Patriots

Patriots

The NFL Commissioner doesn’t share any morsels of information by mistake.

Which means that Roger Goodell was basically sending up a flare when he said that, “One of the things that (Ted Wells) would be asked to look for: Was it just one game?

Wells, as you know, is leading the investigation into how the Patriots came to have a number of balls that were under-inflated at halftime of the AFC Championship game.

And Goodell’s heads-up that this is an expedition that will go back for years aligns with what I was told at the owner’s meetings last month. The investigators – led by Wells and the NFL’s lead attorney, Jeff Pash, the NFL’s lead attorney – are kicking over rocks and riffling through drawers to find whatever they can to justify their suspicions. It also jives with the belief in Foxboro that Mike Kensil, the NFL’s VP of Game Operations, harbored suspicions about the Patriots prior to January 18 and that Pash and Wells are trying to get someone to corroborate the suspicions.

The NFL actually gave advance notice of how far it intended to go in its January statement which read in part: “The goals of the investigation will be to determine the explanation for why footballs used in the game were not in compliance with the playing rules and specifically whether any noncompliance was the result of deliberate action. … Our investigation will seek information from any and all relevant sources and we expect full cooperation from other clubs as well. As we develop more information and are in a position to reach conclusions, we will share them publicly.”

 

Let’s unspool this a little bit.

First, it appears the league believed it could “catch” the Patriots with underinflated footballs. But it seems as if the evidence (recorded measurements prior to the game, at halftime and setting those balls aside) didn’t happen. So the league needs somebody with the Patriots to sing. Which is why they’ve been through Gillette Stadium more than once interviewing all ball-touchers.

All’s not lost if the league can’t get that, though. Goodell’s acknowledgment that the investigation will stretch back into prior games (perhaps prior seasons?) and the initial statement saying “cooperation from other clubs” would be sought means that anecdotal evidence is going to be in play.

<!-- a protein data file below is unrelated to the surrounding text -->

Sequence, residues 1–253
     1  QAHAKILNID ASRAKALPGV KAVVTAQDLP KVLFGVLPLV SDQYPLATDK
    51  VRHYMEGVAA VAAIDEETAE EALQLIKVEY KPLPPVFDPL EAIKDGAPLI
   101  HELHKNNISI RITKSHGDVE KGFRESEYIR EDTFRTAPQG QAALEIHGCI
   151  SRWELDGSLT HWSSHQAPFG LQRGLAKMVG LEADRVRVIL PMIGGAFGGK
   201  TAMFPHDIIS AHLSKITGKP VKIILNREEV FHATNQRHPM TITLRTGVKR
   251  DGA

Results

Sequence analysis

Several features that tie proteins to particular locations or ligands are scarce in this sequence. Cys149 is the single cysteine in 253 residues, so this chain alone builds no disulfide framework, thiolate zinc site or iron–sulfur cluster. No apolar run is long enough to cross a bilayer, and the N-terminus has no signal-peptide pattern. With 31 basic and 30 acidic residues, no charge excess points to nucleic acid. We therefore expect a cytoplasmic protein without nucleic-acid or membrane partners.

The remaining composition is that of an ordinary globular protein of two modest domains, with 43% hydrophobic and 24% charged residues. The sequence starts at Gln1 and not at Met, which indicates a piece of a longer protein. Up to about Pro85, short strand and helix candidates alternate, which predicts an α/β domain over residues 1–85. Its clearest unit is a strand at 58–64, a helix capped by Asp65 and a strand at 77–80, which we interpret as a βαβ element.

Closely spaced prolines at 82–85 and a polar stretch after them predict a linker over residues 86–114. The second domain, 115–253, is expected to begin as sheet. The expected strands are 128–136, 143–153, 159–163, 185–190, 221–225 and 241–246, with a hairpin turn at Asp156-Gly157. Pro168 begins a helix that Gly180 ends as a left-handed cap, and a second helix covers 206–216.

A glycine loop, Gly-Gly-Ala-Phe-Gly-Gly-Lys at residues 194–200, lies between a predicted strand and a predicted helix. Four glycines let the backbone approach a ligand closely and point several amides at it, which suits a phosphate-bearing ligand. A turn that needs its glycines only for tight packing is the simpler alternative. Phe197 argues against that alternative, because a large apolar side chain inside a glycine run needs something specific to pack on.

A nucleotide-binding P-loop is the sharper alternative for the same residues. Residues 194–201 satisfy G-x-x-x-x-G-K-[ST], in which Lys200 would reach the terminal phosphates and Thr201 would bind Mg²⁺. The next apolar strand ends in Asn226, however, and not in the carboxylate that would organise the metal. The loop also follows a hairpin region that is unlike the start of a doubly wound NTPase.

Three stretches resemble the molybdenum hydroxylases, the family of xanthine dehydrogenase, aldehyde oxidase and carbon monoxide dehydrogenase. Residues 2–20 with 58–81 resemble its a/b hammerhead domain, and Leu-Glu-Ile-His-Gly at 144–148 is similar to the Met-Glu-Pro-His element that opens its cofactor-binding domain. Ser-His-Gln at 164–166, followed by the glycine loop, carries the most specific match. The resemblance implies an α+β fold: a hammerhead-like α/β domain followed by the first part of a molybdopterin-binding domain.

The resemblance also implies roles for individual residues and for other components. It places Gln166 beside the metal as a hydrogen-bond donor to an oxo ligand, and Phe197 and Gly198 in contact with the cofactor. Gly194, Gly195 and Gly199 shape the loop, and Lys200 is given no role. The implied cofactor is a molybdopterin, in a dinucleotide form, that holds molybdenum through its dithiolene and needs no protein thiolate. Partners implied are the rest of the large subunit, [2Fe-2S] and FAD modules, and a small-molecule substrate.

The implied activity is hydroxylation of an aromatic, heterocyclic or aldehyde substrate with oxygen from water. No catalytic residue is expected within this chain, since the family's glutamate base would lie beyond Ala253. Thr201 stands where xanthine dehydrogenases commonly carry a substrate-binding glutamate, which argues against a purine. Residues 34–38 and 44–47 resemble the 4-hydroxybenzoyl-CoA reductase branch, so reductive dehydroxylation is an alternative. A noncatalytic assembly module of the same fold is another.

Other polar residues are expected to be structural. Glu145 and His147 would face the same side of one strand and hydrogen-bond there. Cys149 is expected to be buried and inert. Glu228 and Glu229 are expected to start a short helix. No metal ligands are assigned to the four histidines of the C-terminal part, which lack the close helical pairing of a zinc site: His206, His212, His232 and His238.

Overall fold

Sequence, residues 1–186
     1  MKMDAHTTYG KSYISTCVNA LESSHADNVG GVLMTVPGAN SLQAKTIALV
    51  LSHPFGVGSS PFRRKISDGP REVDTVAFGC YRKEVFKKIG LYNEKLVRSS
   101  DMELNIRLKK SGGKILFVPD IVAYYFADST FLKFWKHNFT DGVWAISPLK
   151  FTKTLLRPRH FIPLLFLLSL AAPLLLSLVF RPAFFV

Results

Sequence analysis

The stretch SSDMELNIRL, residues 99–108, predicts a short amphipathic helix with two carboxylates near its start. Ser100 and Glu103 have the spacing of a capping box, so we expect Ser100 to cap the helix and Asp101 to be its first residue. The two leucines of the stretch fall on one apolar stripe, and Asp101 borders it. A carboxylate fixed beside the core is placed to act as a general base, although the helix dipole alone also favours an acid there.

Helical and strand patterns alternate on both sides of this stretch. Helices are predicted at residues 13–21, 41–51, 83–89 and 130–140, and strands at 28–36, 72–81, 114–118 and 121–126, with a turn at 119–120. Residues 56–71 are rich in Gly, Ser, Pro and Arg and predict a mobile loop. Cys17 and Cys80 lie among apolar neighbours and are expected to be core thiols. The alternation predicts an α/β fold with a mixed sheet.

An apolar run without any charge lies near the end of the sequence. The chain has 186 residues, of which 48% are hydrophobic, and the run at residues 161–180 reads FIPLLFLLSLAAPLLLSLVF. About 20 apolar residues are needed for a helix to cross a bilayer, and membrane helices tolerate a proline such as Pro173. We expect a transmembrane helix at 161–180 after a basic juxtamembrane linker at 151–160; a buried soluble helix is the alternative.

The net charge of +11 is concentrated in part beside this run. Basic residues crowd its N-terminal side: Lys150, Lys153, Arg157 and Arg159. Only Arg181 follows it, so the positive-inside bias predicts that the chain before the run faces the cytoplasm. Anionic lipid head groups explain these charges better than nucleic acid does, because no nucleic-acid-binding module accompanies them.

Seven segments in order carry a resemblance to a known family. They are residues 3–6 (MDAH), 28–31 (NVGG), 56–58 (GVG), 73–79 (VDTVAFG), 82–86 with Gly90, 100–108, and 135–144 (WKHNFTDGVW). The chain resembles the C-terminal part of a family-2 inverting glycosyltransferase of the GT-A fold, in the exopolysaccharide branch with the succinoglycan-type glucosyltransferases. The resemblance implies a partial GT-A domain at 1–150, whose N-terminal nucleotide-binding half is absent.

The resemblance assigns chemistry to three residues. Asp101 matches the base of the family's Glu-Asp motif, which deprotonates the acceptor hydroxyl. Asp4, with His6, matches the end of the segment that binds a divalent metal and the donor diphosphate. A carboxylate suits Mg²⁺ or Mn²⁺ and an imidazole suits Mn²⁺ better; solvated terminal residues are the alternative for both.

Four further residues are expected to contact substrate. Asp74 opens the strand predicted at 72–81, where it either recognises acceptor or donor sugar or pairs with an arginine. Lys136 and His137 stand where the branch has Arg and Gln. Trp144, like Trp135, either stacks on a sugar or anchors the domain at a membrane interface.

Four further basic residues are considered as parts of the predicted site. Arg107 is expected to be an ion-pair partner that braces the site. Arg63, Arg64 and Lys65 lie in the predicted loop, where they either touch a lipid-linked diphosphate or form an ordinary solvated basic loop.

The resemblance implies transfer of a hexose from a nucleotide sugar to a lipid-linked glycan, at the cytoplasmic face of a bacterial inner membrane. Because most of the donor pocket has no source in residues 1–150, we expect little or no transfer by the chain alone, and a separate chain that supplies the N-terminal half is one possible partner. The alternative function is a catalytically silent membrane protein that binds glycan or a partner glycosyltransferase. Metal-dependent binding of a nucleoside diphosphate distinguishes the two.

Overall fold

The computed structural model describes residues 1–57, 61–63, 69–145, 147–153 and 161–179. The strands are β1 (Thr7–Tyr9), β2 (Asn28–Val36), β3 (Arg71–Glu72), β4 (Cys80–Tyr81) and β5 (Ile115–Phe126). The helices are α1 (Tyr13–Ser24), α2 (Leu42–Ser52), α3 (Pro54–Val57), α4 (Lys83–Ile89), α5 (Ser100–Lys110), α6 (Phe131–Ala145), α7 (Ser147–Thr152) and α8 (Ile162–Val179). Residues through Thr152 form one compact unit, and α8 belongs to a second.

So if the Ravens, Steelers, Jets or Bills want to ring up Park Avenue and say, “Hey, we thought they had soft balls in November of 2010…” that information will find a friendly ear.

Which brings me back to something I read Monday from Steelers GM Kevin Colbert

Speaking about negative predraft information leaks that hurt the stock of incoming college players, Colbert said, “I think it’s horrible. I think it’s really bad for our profession when people use whatever means they use to get information out to try to influence the draft and they talk about a kid’s test score, a kid’s injury, a kid’s character. I think that’s awful. It’s disrespectful to our profession, it’s disrespectful to the game, it’s disrespectful to the kid.”

The relevance of Colbert’s assertion is that, if it’s accepted teams are willing to spread bad news about a kid in hopes of having a shot at HIRING that kid, imagine how willing those teams would be to say something about a rival organization if those teams knew it would make life tough for their rival?

Not too hard.

The 100 (and counting) days this report has spent in the oven and the millions of billable dollars Wells’ firm has pocketed isn’t going to be for naught.

The league made it clear from the start, they planned to shake the tree as long as they needed to in order to bring down an acorn of evidence that the Patriots may have been running a ball-deflation operation.

So we wait.